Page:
SINN Fein's Mary Lou McDonald has been dragged into defending the IRA's killing of police officers north of the Border.
The party's deputy leader said there was a "clear distinction" between the IRA killing gardai and killing RUC officers during the Troubles.
Ms McDonald's hardline stance is significant because it could damage her reputation as the fresh face of Sinn Fein, with no historical baggage of association with the IRA.
The Dublin Central TD is also resorting to the role of an IRA apologist.
Gerry Adams's belated apology to the families of Detective Garda Jerry McCabe and other members of An Garda Siochana and Army killed by the IRA has prompted calls to extend his apology to RUC victims.
But Sinn Fein has said that killing RUC officers was "vastly different" to killing gardai. According to Ms McDonald, there is a "clear distinction".
Sinn Fein general secretary Mitchell McLaughlin rejected the calls in Northern Ireland for an apology to the families of RUC members and his position has now been backed up by Ms McDonald.
"In terms of a distinction between An Garda Siochana and the RUC – as it was – he is correct. He (Mr McLaughlin) is absolutely correct in saying that," she said.
However, Fianna Fail has said that Sinn Fein's "hard neck is breathtaking". The party's justice spokesman Niall Collins said it was not acceptable for a political party to be taking such a stance.
He said it was despicable to see Mr Adams engage in "a brazen act of hypocrisy" in trying to "cleanse his political pedigree" by apologising for the killing of Det Garda McCabe.
"He was hijacking the expressions of sympathy for Adrian Donohoe," said Mr Collins.
Ms McDonald said she believed that every life lost in what she described as "the conflict" was a tragedy both for those who died and for their families.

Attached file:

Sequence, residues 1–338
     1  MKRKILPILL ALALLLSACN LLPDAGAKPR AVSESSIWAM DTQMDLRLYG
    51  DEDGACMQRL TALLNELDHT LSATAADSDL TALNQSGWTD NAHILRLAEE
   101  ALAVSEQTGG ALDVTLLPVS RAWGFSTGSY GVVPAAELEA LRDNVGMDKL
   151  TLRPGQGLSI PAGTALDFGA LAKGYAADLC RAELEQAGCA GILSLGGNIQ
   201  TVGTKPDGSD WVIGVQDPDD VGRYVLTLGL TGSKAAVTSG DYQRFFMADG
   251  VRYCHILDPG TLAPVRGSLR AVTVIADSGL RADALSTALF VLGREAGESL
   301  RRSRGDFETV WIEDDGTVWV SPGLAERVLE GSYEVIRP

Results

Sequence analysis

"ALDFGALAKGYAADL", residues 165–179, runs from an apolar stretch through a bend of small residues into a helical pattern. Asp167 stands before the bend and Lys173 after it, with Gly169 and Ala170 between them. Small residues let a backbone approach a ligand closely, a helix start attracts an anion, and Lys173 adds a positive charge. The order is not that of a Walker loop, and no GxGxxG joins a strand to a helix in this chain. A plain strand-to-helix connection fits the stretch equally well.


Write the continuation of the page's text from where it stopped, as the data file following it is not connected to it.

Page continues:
She said: "I think what Mitchell (McLaughlin) is identifying is the clear distinction between the RUC, the British Army, the loyalist paramilitaries, the IRA – all of whom were combatants in a conflict up in the North over decades and decades – and then An Garda Siochana, who clearly were not. I think that's a crucial distinction.
"It's a point, I know that Gerry (Adams) and others have made in the past and I think it holds true."
Ms McDonald explained that she wasn't saying there would never be such an apology, but that this would have to be part of a wider "process of healing" with apologies on all sides.
She added: "Bear in mind nationalists were also killed – the RUC, the British State forces, the loyalist paramilitaries also inflicted harm.
"We need to find a way that we get to the point where a full apology on all sides is made and a genuine apology.
"But for that to actually happen, we need to have vast, wide-ranging conversations and a process to mediate all this."